4 Reasons To Skip NaNoWriMo

Sleep FUTAB

Pictured: another option for November. (Photo credit: code_martial)

It’s coming again: NaNoWriMo.* I’ve done it four of the last five years, and I’m going to do it this year. I’m already in the planning phase, getting all my characters and outlines and reference materials sorted.** Others don’t bother with that part, preferring to just wing it. To each their own, and my own includes colour-coded tabs and a box of index cards.

Those of you new to the idea may be wondering, like I did back in ’07, if you should sign up and take the plunge. There’s lot of opinions on both sides, and some of them are pretty damn vehement. It can be hard to decide, so here’s what I’m going to do. I’ll write two posts: one detailing the reasons you should do it, and one the reasons you should skip it. Then you can decide for yourself.

*Flips coin* Okay, here it is: Four Reasons You Should Skip NaNoWriMo:

1. You crumble under pressure. There’s a big push to finish, with a daily word count to meet. And if you get a day or two behind, that word count piles up fucking fast. If that’s the sort of thing that would keep you up at nights or induce panic attacks, you might not be suited to this kind of race. And then there’s the timing to consider. November is a great month to write for me***, but your schedule might be different. If your month is already packed to the gills with holiday prep, then piling more on top might give you that coronary you always wanted just in time for Christmas.

2. You think it’ll make you finally feel like a real writer. You may need therapy, not NaNoWriMo. Hitting the space bar 50,000 times in 30 days does not make you a ‘real’ writer, whatever that means. It doesn’t make you anything other than someone who finished something that was a certain length in a certain time. And, you know, good for you. But this is not the Blue Fairy that makes you into a real boy. That doesn’t exist. Sorry. You have to do this because you really want to and because you love to write. Anything else, including the search for legitimacy, will likely lead to disappointment.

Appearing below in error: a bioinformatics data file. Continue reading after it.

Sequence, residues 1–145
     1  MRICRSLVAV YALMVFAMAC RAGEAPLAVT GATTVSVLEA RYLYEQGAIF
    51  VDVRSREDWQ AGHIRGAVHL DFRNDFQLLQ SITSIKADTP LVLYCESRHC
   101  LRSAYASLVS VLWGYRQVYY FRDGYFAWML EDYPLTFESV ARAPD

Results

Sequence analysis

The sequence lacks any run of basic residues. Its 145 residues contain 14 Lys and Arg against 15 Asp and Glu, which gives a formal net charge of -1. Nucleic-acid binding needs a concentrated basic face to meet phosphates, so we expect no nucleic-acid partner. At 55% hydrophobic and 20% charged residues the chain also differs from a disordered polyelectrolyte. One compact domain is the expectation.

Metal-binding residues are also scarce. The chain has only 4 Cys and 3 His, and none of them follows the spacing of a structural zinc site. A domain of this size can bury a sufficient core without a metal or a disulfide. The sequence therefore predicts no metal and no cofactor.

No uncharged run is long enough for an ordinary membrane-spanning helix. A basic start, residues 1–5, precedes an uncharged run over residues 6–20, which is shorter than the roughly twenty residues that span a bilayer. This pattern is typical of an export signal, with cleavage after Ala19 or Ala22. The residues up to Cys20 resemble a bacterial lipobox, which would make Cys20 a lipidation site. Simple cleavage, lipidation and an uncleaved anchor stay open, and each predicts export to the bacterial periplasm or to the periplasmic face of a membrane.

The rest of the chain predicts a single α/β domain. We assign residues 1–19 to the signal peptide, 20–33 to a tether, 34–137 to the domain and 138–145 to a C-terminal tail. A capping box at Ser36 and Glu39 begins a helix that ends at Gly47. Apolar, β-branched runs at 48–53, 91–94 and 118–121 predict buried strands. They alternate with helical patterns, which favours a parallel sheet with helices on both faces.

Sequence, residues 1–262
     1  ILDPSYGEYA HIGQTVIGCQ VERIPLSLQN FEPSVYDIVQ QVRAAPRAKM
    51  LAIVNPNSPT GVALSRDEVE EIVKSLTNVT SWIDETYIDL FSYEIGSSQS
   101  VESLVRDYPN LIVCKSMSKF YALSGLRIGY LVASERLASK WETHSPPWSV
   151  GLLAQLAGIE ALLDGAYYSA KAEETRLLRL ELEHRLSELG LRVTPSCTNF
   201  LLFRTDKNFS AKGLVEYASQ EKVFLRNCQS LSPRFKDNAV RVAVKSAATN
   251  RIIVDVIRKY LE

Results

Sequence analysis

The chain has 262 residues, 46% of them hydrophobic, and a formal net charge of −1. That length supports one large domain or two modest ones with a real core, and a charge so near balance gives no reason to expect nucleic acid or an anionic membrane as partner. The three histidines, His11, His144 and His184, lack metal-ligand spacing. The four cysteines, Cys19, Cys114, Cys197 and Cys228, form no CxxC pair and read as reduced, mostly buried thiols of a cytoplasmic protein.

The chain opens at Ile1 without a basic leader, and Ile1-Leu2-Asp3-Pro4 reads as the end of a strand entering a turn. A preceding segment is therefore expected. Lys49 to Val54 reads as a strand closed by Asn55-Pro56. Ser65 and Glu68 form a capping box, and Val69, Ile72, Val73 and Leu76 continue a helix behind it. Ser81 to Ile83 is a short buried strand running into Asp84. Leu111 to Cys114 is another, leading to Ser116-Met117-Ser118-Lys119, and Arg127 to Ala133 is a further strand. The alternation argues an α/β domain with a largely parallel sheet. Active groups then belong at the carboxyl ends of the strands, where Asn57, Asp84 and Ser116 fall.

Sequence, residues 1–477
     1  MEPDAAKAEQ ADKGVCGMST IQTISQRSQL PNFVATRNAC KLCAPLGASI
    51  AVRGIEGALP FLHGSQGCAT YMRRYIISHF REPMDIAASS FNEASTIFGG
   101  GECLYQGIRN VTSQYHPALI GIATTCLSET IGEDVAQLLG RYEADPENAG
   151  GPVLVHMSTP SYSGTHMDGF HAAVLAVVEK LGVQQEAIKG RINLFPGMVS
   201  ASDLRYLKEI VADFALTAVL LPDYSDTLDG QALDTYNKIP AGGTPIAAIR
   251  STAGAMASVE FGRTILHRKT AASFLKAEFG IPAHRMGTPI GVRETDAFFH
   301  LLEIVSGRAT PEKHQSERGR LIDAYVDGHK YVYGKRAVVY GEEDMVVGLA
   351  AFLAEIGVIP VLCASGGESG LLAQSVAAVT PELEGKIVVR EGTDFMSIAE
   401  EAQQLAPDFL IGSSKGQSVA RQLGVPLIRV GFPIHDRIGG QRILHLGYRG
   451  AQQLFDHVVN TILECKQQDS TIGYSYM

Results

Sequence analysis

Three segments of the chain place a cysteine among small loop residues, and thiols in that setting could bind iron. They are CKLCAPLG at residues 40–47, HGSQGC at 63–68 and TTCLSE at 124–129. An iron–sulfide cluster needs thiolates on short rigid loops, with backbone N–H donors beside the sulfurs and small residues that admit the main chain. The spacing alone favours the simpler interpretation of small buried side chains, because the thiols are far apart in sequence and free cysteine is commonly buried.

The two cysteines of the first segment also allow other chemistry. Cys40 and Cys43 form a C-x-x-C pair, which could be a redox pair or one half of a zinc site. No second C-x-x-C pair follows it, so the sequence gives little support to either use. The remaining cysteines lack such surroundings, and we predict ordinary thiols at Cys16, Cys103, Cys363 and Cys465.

However, it can prepare you for what it feels like to be a working writer and have to meet serious deadlines. You’ll get a front row seat to the rush and the slog, the days when you fly and the days when you’d rather set the computer on fire than look at it again. Maybe it’ll help you decide if that’s something you want to do for a living, or if you’d rather keep it as a hobby.

3. You prefer to work slowly. Everyone works at their own pace and in their own way. Maybe you’re one of those writers who prefers to pick every word carefully, examine it, and then place it exactly where you want it. Maybe a good writing day for you is 100 words. Or less. But everything you make is exactly what you intended it to be right out of the gate. I envy you that; no goddamn rewriting. It might take longer to finish, but when you do, you know it’s what you want. Long as you’re finishing, there’s no wrong way to write a book. And for some, the breakneck pace of NaNoWriMo might be less productive, not more.

4. You just don’t want to. People get….shall we say, drawn in by the enthusiasm of NaNo participants sometimes. We’re a zealous lot. All bright enthusiasm and too-direct stares. Join us, we say. You’ll like it. And you might. But don’t get sucked in by the peer pressure. One, it means you just got bullied by a bunch of fucking writers, which is embarrassing for all of us. Two, it really will be an endless slog if you’re not jazzed for it. And that will probably taint whatever story you were working on to the point of ruining it. If you think you might like it, then sure. But if you know that’s not how you work, then remember those old commercials: just say no.

Feel free to disagree, vehemently or otherwise, in the comments. And don’t forget to check out Friday’s post: Four Reasons You Should Do NaNoWriMo.

*For those of you who don’t know, NaNoWriMo is a yearly event in which writers get together and pledge to write 50,000 words in the month of November. Stands for ‘National Novel Writing Month’.
**Mostly because I’m a huge nerd. I actually cleaned my desk Monday just to get it ready. And because it was getting to be an eyesore. But, hey, I found ten complete sets of dice in there.
*** Very good, actually, because it makes use of a month I otherwise loathe. November and February: worst months of the year.

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